Heritage centre hit by burglars

Callous thieves stole money and caused damage when they broke into a heritage centre on North Shields Fish Quay.

By The Newsroom
Tuesday, 11th December 2018, 2:44 pm
Updated Tuesday, 11th December 2018, 2:45 pm
Centre director Guy Moody clearing up the mess after the break-in.
Centre director Guy Moody clearing up the mess after the break-in.

Staff at the Old Low Light had a shocking start when they arrived at work last Friday morning to find a broken shutter, a smashed door and donation boxes missing from the foyer of the charity.

But it was soon ‘business as usual’ thanks to the support of the community, including some generous donations.

John Sturmey, curator of Steam at Shields, with two of his exhibition paintings.

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Northumbria Police inquiries are on-going and the force is asking anyone with information to get in touch with officers.

Centre director Guy Moody said: “There was more than £1,000 of damage done, but it’s business as usual.

“When people heard the bad news, they rallied round. We have really appreciated the support that we have received from the community.”

The break-in comes just as a new exhibition opens in the Heritage Gallery called Steam at Shields – a history of steam boats on the Tyne.

Regular Old Low Light volunteer John Sturmey has combined two of his great passions, the River Tyne and painting, to put this exhibition together.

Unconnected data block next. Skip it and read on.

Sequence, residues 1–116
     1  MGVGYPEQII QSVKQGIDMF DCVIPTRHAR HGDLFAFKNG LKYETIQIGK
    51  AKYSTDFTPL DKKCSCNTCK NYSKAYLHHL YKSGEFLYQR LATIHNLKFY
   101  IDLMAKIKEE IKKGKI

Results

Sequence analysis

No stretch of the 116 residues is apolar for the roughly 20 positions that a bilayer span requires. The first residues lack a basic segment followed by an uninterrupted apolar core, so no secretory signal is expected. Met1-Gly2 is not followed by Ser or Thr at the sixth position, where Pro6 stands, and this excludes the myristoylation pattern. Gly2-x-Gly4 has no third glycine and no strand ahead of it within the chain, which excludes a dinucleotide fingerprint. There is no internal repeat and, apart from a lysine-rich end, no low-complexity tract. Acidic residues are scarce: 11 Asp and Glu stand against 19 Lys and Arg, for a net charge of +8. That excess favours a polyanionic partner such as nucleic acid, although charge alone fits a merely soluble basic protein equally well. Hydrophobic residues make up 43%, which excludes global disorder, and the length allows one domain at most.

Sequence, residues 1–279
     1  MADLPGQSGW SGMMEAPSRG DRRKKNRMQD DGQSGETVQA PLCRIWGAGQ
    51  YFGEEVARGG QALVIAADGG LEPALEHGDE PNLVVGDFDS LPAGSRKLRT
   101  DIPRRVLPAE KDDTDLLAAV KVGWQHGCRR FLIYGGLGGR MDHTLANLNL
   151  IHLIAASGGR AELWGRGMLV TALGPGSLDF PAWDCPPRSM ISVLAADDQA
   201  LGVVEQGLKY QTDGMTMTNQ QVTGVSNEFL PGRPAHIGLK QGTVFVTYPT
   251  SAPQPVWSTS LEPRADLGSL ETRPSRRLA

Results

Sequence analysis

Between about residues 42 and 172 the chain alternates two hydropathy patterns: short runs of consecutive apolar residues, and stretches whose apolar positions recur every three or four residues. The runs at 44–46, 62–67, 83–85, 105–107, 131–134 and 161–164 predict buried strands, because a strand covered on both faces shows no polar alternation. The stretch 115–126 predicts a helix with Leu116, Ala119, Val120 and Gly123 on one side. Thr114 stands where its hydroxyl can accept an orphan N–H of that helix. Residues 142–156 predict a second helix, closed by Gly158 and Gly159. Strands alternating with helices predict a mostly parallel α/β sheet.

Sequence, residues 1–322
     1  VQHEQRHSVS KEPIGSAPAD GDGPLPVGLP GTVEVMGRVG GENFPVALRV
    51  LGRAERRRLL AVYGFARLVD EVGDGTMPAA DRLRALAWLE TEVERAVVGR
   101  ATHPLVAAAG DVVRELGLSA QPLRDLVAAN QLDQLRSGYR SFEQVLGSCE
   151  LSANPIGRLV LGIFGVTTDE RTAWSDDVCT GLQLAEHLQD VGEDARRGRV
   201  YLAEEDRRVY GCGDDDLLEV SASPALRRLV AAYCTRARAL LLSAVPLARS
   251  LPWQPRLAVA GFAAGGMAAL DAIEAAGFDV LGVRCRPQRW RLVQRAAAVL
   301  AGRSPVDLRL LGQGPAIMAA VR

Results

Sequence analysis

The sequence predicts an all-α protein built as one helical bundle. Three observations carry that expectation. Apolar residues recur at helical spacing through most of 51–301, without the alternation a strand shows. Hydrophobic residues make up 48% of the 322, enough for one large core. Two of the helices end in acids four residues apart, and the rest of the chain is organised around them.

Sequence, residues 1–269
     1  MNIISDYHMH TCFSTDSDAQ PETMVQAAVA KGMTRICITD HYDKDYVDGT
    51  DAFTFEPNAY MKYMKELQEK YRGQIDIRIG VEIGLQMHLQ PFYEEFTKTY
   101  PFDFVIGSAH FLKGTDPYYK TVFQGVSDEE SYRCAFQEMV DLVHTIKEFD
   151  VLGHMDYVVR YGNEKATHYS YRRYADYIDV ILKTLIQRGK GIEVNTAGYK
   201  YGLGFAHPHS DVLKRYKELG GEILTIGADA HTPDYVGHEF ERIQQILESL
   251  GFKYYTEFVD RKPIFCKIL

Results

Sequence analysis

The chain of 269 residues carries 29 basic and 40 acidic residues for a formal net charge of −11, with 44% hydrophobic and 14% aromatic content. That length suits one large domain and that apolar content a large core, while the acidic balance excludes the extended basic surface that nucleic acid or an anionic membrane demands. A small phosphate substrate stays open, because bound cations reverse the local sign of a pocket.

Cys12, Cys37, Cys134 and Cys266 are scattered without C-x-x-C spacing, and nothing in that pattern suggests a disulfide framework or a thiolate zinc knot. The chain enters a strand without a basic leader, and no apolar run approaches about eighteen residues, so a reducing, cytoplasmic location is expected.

His love of art started at Spring Gardens Primary School. His love of the river came from his family and his apprenticeship as a tug boat engineer.

Health problems forced him ashore to work on land transport, but his interest in the river continued.

When he retired, it was back to school to gain a degree in fine art.

John’s skills and knowledge have helped him to tell the story of steam power and an important North Shields innovator.

When local boat owner William Purdy fitted trawler gear to the paddle tug Messenger in 1887, he introduced steam trawling to the Tyne for the first time.

His fleet of steam trawlers were still fishing into the 1960s.

John hopes his exhibition, which includes many of his original paintings of the river and its steam ships, will remind people of the North East entrepreneurs who have contributed to engineering and shipbuilding across the country and perhaps encourage them to start researching.

He added: “Take it from me, it’s enthralling.”

The exhibition runs until January 30. The centre is open every day between 10am and 4pm – except during its winter break from Christmas Eve to January 5.

A Northumbria Police spokesman said: “At around 9.35am on Friday (December 7), police received a report of a burglary at the Old Low Light in North Shields, where a number of donation boxes were taken.

“Inquiries are on-going and officers are asking anyone with information to get in touch with officers by calling 101. Quote reference number 231 07/12/18.